UPDATE, October 11, 8:29 a.m.: Twitter has reversed its decision on refusing to run Blackburn’s misleading message as a promoted tweet, Politico reports.
U.S. Rep. Marsha Blackburn (R-TN), a candidate for U.S. Senate, claimed in a campaign video that she “stopped the sale of baby body parts”—a statement that caused Twitter to refuse to run the video as a promoted Tweet. Blackburn’s claim is not only, as Twitter found, “inflammatory.” It’s completely false.
The Associated Press on Monday reported that Twitter blocked an ad submitted for paid promotion by Blackburn’s Senate campaign. The video contained what Twitter “deemed an inflammatory statement that is likely to evoke a strong negative reaction,” a representative from the social media site reportedly told the campaign.
Campaign spokesperson Andrea Bozek confirmed the story by phone on Monday. She said the campaign received news of the decision from Twitter that morning.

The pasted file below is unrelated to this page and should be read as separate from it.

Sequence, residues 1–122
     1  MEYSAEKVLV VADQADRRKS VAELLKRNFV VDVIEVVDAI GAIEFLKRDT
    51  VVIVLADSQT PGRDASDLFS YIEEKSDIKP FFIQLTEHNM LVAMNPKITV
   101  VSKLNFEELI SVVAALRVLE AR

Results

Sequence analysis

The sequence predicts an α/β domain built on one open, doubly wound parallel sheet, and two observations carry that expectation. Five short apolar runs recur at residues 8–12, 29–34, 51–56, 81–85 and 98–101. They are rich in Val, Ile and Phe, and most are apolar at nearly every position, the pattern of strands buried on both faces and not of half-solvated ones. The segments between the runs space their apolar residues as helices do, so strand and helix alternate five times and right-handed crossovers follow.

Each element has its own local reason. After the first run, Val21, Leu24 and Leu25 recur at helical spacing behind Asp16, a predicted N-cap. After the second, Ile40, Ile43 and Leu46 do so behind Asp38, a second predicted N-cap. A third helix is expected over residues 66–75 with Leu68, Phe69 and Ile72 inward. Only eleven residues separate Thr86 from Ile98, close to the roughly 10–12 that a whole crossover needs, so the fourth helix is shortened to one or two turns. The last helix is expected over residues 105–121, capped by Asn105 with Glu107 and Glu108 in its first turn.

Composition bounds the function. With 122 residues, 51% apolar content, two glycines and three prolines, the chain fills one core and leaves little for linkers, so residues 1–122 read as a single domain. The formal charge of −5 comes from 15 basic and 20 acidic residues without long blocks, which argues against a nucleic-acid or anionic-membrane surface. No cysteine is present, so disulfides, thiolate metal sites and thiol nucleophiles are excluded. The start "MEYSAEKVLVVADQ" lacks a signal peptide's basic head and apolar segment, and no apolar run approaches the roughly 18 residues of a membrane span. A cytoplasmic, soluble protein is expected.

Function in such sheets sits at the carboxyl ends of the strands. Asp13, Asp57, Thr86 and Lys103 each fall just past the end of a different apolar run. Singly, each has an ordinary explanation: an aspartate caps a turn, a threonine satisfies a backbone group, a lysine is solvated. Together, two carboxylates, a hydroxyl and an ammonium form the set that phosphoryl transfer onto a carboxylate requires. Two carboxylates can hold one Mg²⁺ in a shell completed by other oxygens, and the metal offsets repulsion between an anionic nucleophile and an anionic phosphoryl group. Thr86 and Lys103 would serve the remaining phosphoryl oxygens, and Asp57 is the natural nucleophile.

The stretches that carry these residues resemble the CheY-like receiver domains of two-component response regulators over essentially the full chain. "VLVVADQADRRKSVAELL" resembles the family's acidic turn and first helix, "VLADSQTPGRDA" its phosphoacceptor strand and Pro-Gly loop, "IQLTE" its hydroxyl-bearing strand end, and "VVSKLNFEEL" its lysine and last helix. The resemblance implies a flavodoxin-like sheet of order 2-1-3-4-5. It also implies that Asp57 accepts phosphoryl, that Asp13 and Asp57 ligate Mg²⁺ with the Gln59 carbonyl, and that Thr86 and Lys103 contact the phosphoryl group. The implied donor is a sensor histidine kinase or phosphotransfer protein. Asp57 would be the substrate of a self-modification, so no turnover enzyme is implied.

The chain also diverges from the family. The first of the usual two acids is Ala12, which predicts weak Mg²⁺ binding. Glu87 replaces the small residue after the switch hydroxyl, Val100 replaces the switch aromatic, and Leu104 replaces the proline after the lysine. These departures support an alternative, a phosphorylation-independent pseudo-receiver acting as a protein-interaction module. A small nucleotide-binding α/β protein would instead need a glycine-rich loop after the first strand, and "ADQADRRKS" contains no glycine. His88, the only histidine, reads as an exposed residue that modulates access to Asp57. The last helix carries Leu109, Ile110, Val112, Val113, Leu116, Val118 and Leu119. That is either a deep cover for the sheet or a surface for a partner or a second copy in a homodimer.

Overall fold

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Though some conservatives criticized Twitter’s decision to label the video “inflammatory,” Blackburn’s rhetoric echoes language used by Robert Lewis Dear Jr. in his November 2015 shooting spree. Dear killed three and injured nine at a Colorado Springs Planned Parenthood facility in the name of “baby parts.” Blackburn’s and Dear’s rhetoric comes from the anti-choice front group called the Center for Medical Progress (CMP) and its discredited anti-abortion propaganda videos, which falsely alleged Planned Parenthood profited from legal donations of fetal tissue.
A dramatic increase in violence against abortion providers followed the allegations in CMP’s videos. National Abortion Federation’s 2015 statistics confirmed there was a spike in violence, “reflect[ing] a dramatic increase in hate speech and internet harassment, death threats, attempted murder, and murder, which coincided with the release of heavily-edited, misleading, and inflammatory videos beginning in July.”